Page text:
These days, the question of “What gym is best for me?” can seem impossible to answer.
Never before has an athlete had so many choices. Name a fitness trend and chances are someone’s opened a facility to capitalize on it: Hardcore sweatboxes like CrossFit, boutique studios like SoulCycle and FlyWheel, digitally innovative gyms like OrangeTheory Fitness, or massive “big-box” gyms with every piece of equipment imagineable. You could train with coaches who prepare NFL hopefuls for the Combine, enlist a personal speed or movement specialist, or go on a bucket-list destination yoga retreat.
Ultimately, though, when it comes to choosing a gym, we’re all ultimately looking for the same thing: somewhere convenient, affordable, well-equipped, and not too crowded. Bonus points if the other folks there seem nice. Extra bonus points for clean bathrooms.
To help make the process a little easier, we’ve narrowed the search down to seven factors you should consider when you’re searching for a new gym:
1. Your ideal type of workout
Women tend to prefer the group class experience. (That’s why guys like to take a spin or yoga class in a room full of women: The scenery alone raises the heartrate.) Spin and yoga also are effective for most guys who need to improve power output and flexibility.
Of course, lots of guys tend to prefer the choose-your-own workout experience of free weights. If this is you, go with a well-established big-box or local gym that’s no-frills but still well-equipped at an affordable price.
But gyms aren’t just divided into “free lift” and “classes only.” Some gyms offer both, so you can get a range of experiences, instructors, and workouts—from “broga” to rowers-only to treadmills-only to adventure training.
The cult of CrossFit has capitalized on guys (and gals) who want a straightforward but intense, no-frills workout that varies by the day with a coach monitoring everyone’s progress, though not at the one-on-one level. In that sense, CrossFit is the happy medium between group class, personal training, and working out on your own. It also tends to attract a younger demographic balanced between the sexes. You might feel out of place initially if you’re a guy over 40 with neither tattoos nor a Viking beard, but as long as you can bust out a WOD and the $150 or so monthly dues, you’ll fit in the CrossFit box.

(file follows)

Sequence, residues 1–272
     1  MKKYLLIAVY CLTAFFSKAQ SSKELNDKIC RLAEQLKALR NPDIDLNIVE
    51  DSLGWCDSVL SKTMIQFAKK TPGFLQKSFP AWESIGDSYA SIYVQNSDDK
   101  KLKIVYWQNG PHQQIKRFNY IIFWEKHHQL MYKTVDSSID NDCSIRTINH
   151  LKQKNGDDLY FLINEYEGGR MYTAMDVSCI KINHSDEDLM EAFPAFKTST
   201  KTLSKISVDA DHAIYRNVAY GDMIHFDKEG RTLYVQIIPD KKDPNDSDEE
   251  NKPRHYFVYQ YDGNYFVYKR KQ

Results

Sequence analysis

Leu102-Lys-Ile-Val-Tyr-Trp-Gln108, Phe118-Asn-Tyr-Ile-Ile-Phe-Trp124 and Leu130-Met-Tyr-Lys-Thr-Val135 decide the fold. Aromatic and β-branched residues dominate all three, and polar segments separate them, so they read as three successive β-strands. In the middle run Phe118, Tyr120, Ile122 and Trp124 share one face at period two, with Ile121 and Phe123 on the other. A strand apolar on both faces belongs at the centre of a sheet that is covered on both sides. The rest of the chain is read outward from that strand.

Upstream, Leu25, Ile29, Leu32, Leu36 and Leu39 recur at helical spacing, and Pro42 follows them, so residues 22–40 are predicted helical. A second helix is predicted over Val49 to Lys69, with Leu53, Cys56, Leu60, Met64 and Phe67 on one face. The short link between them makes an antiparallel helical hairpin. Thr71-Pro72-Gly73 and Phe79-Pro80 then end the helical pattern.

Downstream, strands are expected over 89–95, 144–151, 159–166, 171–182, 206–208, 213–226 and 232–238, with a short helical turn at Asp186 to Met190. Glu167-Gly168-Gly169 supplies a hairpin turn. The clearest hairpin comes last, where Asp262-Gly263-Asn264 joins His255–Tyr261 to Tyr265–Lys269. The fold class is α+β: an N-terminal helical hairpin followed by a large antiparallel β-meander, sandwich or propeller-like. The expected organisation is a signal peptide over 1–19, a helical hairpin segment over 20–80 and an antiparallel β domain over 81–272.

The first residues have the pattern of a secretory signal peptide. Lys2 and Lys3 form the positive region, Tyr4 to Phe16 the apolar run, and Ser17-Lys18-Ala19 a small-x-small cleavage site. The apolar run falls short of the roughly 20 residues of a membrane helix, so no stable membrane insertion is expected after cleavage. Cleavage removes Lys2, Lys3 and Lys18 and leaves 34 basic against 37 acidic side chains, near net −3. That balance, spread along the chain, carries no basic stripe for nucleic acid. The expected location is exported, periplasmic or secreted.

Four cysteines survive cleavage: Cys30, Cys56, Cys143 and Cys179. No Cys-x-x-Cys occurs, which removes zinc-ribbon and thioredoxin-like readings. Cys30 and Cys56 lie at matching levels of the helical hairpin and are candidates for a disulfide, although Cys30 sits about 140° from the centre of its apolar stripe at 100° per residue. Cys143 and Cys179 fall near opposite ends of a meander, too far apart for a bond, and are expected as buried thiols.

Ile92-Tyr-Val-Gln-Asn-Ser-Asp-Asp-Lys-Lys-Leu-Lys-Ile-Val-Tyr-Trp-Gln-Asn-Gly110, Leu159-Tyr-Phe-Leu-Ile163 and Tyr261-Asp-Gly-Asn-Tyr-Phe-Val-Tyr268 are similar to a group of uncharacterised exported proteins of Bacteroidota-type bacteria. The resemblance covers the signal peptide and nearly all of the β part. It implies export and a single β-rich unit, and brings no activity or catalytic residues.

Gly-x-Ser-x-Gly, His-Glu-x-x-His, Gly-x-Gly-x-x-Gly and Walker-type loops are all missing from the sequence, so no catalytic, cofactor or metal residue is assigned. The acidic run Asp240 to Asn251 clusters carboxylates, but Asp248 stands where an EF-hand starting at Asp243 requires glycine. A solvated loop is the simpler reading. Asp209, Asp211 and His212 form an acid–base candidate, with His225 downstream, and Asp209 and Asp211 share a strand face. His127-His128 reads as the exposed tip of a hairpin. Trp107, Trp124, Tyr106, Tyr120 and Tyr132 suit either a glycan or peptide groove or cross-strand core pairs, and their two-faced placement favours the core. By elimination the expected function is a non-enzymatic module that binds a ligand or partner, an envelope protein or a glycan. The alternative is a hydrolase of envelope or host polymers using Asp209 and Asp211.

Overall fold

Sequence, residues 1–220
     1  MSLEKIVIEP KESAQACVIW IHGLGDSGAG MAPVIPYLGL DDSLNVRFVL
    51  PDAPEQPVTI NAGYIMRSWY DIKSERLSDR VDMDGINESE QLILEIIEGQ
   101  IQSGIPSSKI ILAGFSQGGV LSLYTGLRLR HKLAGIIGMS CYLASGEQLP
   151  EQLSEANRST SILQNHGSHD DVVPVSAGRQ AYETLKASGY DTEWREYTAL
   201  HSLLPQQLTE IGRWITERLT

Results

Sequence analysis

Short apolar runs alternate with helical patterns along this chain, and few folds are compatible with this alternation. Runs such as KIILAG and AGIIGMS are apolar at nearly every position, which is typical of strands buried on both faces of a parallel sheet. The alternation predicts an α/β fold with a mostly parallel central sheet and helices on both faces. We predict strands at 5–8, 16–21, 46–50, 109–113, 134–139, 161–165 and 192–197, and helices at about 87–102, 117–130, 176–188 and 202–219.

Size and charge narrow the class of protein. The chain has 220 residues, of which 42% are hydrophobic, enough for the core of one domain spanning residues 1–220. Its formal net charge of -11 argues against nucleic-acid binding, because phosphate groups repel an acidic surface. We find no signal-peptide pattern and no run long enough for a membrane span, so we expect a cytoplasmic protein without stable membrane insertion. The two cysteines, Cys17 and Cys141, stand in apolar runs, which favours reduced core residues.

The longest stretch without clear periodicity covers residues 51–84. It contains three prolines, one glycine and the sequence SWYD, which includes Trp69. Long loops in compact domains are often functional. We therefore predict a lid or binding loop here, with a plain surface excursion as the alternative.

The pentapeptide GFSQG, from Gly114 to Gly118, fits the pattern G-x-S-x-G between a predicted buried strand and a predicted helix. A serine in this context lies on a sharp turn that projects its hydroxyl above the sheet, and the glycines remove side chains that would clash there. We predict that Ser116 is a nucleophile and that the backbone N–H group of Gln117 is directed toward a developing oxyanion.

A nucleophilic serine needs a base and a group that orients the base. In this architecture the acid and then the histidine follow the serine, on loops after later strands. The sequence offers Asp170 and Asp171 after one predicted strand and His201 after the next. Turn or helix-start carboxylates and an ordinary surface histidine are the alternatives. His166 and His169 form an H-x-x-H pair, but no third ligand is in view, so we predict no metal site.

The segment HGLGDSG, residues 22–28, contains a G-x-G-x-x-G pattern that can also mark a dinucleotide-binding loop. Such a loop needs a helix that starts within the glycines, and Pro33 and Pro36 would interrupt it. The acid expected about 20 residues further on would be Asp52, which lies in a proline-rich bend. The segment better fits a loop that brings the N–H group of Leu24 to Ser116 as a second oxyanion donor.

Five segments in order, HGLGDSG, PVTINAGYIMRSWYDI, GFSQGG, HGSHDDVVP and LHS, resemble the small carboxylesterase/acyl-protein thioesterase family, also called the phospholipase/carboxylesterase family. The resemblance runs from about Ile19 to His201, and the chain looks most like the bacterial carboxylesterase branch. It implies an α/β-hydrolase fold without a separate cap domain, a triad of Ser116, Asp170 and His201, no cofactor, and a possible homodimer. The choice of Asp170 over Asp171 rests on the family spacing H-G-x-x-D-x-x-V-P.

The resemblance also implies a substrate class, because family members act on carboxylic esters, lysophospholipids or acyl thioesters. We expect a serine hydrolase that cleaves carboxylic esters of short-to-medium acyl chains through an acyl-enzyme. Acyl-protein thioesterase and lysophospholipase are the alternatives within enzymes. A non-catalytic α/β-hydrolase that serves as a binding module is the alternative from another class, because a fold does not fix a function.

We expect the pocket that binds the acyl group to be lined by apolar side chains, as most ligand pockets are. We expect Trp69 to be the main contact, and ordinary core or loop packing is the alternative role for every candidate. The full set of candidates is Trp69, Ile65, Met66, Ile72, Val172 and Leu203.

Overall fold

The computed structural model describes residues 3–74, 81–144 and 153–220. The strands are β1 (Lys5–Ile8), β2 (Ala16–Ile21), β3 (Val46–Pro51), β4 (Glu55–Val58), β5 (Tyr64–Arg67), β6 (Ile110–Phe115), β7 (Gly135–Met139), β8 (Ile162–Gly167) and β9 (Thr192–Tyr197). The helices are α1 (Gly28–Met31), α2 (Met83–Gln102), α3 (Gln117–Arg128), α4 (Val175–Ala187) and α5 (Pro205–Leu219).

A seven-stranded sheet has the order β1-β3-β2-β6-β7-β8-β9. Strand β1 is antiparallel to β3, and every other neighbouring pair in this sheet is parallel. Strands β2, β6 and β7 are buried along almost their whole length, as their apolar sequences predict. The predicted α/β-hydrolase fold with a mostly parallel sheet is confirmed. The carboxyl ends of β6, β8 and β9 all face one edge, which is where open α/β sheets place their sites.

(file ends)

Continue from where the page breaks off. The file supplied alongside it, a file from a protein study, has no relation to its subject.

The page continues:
2. Social atmosphere
People often underestimate just how much a gym’s social environment factors in to how much they’ll enjoy going there. What are the rest of the people there like? What’s the male-female balance? Is everyone younger? Older? More jacked? More bearded? Covered in tanner?
When you visit a gym, keep an eye on people’s body language and observe (subtly) how they interact with each other. Do people know each other’s names, or does each person act like they’re they only person in the room, with headphones turned all the way up?
Ultimately, if you can find a gym with people you don’t mind being around—a place you can feel comfortable in your own skin—then you’ll find yourself going more often.
3. Essential amenities
If your ideal workout involves nothing more than pounding giant slabs of beef in a walk-in freezer with Rocky Balboa, then there are plenty of old-school local gyms that’ll offer that experience—no group classes, no digital add-ons, just iron and a few machines. They’re typically a little cheaper, and the clientele is typically a little tighter, so it can be easier to make friends. One danger of these one-of-a-kind, privately owned facilities, however, is that they don’t have the economic cushion of larger chain gyms. Our tip: Avoid any long-term contracts (which is a good rule of thumb regardless of facility).
If, on the other hand, you prefer modern design, post-workout nutrition bars, group classes of every sort—plus the latest in sound, video, and digital fitness trackers—there are plenty of big-box gyms that’ll offer you that experience. And if you want to get really fancy, there are plenty of urbane, upscale newcomers like Equinox that’ll shower you with goodies. Just plan to pay a premium for it.
4. Location and portability